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Prenatal care

  • Prenatal care is the care you get while you’re pregnant.
  • Regular prenatal care helps keep you and baby healthy.
  • A doctor, midwife or other health provider gives this care.
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Your first prenatal care checkup

Congratulations on your pregnancy! Now that you know you’re expecting, it’s important to take very good care of yourself and your baby. The first thing you can do is make an appointment with your health care provider for your first prenatal care checkup.

Your first prenatal checkup is usually the longest because your provider asks you lots of questions and does several tests.

How do you get ready for your first prenatal checkup?

You might not be sure about what to expect at your first prenatal care checkup. It helps to plan ahead. 

At your first prenatal checkup, your provider talks to you about your health. She may have you answer questions, like about your health history, using a paper form or computer while you’re in the waiting room. This helps your provider plan the best care for you and your baby.

Be prepared to tell your provider about:

Also, keep learning about your family health history. If you learn something new, or have a question for your health provider, write it down. You can talk to your health provider at your next visit. These steps will help you to have a healthy pregnancy and a healthy baby.

What else happens at the first prenatal care checkup?

At your first prenatal care checkup, your provider does some tests to check your health and your baby’s health. Your health care provider:

  • Checks your weight
  • Takes your blood pressure
  • Does a physical exam and a pelvic (internal) exam
  • Checks your urine sample for infection
  • Does some blood tests to check for anemia and to see if you have certain infections. You get a blood test for HIV, the virus that causes AIDS, unless you say no.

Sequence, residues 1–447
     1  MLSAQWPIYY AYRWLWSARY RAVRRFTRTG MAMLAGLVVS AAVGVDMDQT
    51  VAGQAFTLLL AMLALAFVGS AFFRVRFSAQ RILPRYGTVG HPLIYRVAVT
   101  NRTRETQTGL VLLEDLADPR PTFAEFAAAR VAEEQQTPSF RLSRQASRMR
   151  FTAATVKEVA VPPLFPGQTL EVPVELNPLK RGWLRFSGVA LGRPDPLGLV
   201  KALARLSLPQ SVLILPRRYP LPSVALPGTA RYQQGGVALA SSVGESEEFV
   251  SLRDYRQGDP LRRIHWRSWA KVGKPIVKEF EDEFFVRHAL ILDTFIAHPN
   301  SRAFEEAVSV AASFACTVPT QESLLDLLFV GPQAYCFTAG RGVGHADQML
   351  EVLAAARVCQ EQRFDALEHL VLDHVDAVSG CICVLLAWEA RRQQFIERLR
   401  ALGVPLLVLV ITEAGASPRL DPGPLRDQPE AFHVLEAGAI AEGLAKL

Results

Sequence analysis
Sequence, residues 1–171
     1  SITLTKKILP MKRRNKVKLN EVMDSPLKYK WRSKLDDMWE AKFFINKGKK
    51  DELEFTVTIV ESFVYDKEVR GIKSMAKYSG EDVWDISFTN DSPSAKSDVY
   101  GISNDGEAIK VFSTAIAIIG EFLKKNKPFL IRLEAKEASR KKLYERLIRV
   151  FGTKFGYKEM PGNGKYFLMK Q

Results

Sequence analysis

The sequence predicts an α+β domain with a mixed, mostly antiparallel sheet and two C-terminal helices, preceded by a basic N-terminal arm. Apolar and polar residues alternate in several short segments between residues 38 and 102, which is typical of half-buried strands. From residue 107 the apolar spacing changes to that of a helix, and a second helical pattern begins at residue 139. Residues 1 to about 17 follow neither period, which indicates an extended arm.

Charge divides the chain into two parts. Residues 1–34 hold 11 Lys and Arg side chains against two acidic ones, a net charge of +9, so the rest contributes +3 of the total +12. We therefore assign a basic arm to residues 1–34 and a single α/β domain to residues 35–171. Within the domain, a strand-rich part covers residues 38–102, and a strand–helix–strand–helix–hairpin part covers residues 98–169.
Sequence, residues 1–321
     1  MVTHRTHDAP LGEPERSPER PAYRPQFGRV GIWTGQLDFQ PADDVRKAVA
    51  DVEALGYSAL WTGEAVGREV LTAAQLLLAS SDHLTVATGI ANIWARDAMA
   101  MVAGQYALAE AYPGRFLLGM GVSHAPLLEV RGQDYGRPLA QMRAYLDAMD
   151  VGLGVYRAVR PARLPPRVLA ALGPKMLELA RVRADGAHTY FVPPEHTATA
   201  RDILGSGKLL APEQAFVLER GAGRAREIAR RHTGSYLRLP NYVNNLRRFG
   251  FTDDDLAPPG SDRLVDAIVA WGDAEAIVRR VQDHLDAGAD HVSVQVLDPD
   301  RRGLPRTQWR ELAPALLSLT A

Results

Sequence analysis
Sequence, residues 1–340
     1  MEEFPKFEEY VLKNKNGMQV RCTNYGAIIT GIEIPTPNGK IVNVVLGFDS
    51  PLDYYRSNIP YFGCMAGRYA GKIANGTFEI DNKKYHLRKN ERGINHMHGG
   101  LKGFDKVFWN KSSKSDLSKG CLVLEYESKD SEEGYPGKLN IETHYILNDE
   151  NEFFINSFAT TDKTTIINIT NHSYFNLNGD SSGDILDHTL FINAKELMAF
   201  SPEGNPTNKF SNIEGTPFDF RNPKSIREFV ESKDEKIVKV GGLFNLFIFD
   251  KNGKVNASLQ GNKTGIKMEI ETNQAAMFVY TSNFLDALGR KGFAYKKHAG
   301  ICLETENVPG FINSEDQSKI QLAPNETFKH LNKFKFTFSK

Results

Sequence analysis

• Does a Pap smear to check for cervical cancer and other tests for vaginal infections.
  • Gives you a prenatal vitamin with 600 micrograms of folic acid

Go to all your prenatal checkups, even if you’re feeling fine!

Who else knows about your health information?

It can be hard sharing such personal information, like if you had a sexually transmitted infection or if you use drugs. Know that the answers you give help your provider give you and your baby the best care.

All of the health information you share is private and safe. It doesn’t matter if the information comes from your prenatal tests, is written down in a paper form, gets added into a computer or is shared during a talk you have with your provider. Only your health care team knows your health information.

So, don’t be afraid to give honest answers or share your concerns with your provider. She can’t tell anyone else what you say without your permission.

Last reviewed May 2011

This web article is supported by grant U33MC12786 from the Health Resources and Services Administration, Maternal and Child Health Bureau, Genetic Services Branch, as part of the Family Health History for Prenatal Providers project. Partners in the Family Health History for Prenatal Providers project include HRSA, March of Dimes Foundation, National Coalition for Health Professional Education in Genetics, Genetic Alliance and Harvard Partners.